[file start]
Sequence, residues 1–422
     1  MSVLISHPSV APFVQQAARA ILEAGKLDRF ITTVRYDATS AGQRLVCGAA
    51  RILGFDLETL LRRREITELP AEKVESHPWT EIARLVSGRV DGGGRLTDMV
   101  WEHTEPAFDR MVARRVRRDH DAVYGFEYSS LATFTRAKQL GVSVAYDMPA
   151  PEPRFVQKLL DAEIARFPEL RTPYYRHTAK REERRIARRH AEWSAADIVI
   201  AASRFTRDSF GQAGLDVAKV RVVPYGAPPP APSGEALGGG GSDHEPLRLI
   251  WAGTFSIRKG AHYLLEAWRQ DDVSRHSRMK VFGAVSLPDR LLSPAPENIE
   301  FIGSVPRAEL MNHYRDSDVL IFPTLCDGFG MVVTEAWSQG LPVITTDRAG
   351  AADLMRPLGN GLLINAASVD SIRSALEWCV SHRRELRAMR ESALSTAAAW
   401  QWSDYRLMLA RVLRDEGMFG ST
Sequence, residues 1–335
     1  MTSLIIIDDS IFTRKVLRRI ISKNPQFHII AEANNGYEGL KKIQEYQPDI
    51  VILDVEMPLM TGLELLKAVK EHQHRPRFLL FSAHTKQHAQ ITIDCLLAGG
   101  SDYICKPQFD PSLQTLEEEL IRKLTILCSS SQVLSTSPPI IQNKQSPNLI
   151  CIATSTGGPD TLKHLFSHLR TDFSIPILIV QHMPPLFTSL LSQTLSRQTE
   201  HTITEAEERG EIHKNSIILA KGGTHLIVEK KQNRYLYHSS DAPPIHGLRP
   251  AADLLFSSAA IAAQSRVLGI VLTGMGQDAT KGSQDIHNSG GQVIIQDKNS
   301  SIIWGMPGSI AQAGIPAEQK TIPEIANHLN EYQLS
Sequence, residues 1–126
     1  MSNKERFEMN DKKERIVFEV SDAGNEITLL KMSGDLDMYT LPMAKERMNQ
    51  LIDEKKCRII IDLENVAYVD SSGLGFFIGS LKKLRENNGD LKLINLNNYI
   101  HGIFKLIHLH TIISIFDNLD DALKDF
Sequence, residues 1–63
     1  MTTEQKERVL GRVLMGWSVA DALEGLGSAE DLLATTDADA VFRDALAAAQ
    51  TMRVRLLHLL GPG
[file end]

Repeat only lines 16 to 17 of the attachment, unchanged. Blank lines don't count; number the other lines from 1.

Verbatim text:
   201  HTITEAEERG EIHKNSIILA KGGTHLIVEK KQNRYLYHSS DAPPIHGLRP
   251  AADLLFSSAA IAAQSRVLGI VLTGMGQDAT KGSQDIHNSG GQVIIQDKNS